Allan's Mill was a watermill located on both banks of the Speed River in Guelph, Ontario, Canada. Part of the site is now listed under the Ontario Heritage Act.[1][2]

Allan's Mill
View from Allan's Mill, 1855
LocationGuelph, Ontario, Canada
OwnerHorace Perry
Further ownership
  • William Allan (1832)
  • David Spence (c. 1877)
Construction
Built1830 (wooden mill)
Renovated
  • 1:c. 1850 (rebuilt in stone)

Allan's Mill

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The first industrial establishment in Guelph,[3] the original wooden mill was built in 1830 for the Canada Company by Horace Perry, who sited it on the west (right) bank of the Speed River.[4] The mill was sold to William Allan in 1832, who operated it as a grist and flour mill; by 1836, the mill complex was expanded on both sides of the river[5] to include a distillery, a brewery, and a wool carding house[6] operated by William and his son David Allan.[3] Around 1850, the original wooden structure was removed and replaced with one made of limestone, and a bridge was added across the river, connecting the two halves of the mill.[3] Old reports state that the new grist mill building had cylindrical turrets, such as those found in Scotland.[3] The distillery sold large quantities of whisky and other spirits.[7][8] Around 1877, the Allan family sold the mill to David Spence[3] of Brantford;[9] it remained in operation as a flour mill until a series of fires gutted the building.[10]

Later developments on the site

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The Spring Mill Distillery (2020) in the mill building which once housed Allan's Distillery.

The site on the west bank of the river later became home to several industries, including the Flexible Conduit Company (later the Dalyte Electric Co.) which occupied the site between 1909 and 1929.[10] In the 1960s, the site was home to a feed and seed business and a plastics firm, until the buildings were destroyed by fire in 1966.[10] The ruins of the stone building are now a part of Guelph's Heritage Park.[10]

On the east bank of the river, the Arthur Street building which had previously housed the distillery[11] became home to a variety of companies: it first housed the McCrae Woollen Company until 1900[5] when the A.R. Woodyatt (later Taylor-Forbes)[12] foundry purchased the site. Taylor-Forbes occupied the site until its 1955 bankruptcy; the site was sold to the W. C. Wood Company[13] and was then used to manufacture appliances until the business was shut down in 2010.[4]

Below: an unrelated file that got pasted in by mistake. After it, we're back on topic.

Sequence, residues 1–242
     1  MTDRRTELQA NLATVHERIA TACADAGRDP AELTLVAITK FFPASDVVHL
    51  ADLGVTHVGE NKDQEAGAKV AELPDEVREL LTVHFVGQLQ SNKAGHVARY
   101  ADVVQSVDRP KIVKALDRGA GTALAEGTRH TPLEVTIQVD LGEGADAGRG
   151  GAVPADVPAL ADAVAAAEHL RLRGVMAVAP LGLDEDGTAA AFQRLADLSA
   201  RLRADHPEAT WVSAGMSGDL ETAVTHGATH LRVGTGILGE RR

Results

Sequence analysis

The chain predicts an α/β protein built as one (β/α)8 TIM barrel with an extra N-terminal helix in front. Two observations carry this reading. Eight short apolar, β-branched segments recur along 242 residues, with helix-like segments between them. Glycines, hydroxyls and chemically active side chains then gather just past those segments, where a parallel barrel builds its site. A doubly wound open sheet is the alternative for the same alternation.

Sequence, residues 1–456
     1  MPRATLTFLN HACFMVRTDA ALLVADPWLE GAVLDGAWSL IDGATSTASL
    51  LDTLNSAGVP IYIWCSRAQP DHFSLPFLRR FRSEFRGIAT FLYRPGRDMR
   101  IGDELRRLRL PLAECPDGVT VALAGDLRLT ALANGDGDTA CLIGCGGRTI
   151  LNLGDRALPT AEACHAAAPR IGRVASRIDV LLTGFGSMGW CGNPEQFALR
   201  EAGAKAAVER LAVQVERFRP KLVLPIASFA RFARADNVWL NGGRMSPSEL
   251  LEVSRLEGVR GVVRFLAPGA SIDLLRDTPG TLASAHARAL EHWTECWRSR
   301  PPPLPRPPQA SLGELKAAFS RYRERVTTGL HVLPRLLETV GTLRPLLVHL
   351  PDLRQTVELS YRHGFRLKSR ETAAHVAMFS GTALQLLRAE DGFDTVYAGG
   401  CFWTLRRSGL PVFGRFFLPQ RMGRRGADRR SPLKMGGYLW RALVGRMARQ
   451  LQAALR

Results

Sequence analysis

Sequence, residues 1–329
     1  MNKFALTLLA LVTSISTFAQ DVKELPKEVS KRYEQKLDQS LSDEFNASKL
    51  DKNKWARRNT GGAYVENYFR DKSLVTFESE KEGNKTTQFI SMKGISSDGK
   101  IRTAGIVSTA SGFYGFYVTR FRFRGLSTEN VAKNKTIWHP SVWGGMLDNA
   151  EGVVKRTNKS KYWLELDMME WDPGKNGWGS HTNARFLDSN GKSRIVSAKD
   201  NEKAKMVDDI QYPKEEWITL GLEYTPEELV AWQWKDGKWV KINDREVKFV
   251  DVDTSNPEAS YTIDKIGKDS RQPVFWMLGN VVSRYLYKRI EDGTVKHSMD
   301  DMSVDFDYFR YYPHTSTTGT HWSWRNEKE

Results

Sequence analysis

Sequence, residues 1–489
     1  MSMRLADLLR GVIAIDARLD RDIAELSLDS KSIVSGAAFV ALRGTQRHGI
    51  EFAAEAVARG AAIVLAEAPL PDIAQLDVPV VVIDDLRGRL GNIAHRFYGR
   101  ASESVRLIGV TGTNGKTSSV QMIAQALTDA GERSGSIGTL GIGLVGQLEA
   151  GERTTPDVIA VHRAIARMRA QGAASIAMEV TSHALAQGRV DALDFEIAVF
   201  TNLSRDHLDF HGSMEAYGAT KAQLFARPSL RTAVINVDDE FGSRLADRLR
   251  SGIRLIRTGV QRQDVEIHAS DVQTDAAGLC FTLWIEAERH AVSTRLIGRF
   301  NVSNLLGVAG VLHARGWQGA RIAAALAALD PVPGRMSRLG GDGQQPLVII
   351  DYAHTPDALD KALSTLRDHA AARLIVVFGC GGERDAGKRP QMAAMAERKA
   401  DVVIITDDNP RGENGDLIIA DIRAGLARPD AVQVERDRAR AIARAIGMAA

After a period of brownfield restoration, construction began in 2014 on The Metalworks, a new condominium apartment complex on the site of the old W. C. Wood factory.[14] In 2019, as part of the Metalworks development, the Spring Mill Distillery was opened on the site, occupying the same building originally built for the Allan Distillery nearly two centuries before.[15]

References

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  1. ^ "Historic designation sought for Guelph's first industrial site". Guelph Today. 31 October 2017. Retrieved 13 May 2020.
  2. ^ "Municipal Register of Cultural Heritage Properties" (PDF). City of Guelph. Site listed under its municipal address, 5 Arthur St S
  3. ^ a b c d e "Heritage River Inventory, Allan's Mill, Guelph" (PDF). Grand River Conservation. p. 31. Retrieved 13 May 2020.
  4. ^ a b "Allan's Mill History". Archived from the original on 2002-09-03. Retrieved 2015-11-09.
  5. ^ a b Hallett, Doug (7 April 2017). "Craft distillery, eatery planned for heritage building in downtown Guelph". Retrieved 13 May 2020.
  6. ^ "City looking to historically designate Guelph's first industrial site". Guelph Mercury. 1 November 2017. Retrieved 13 May 2020.
  7. ^ "David Allan's Pure Rye Whisky!". Gillman's. Retrieved 16 January 2020.
  8. ^ "Allan, David Sr". Guelph Heritage. Retrieved 16 January 2020.
  9. ^ Stead, Hilary (2002). Guelph: A People's Heritage 1827-2002 (PDF). Retrieved 13 May 2020.
  10. ^ a b c d "Macdonnell Street Has Seen Many changes". Waterloo Region Record. 7 June 2013. Retrieved May 7, 2020.
  11. ^ "Allan's Mill and distillery, Guelph, Ontario, ca.1870-1880; 1948-1980". Wellington Museum. Retrieved 7 May 2020. Rear of distillery, 29 May 1980.
  12. ^ "Creator Record". Grey Roots Museum & Archives. Retrieved 13 May 2020.
  13. ^ "1959 W.C. Wood Strike". Labouring All Our Lives. Retrieved 13 May 2020.
  14. ^ "Work underway on renovation of historic W.C. Wood structures". Guelph Today. Retrieved 16 January 2020.
  15. ^ "A look inside John Sleeman's new Spring Mill Distillery (11 photos)". Guelph today. Retrieved 16 January 2020.
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43°32′48″N 80°14′36″W / 43.5468°N 80.2433°W / 43.5468; -80.2433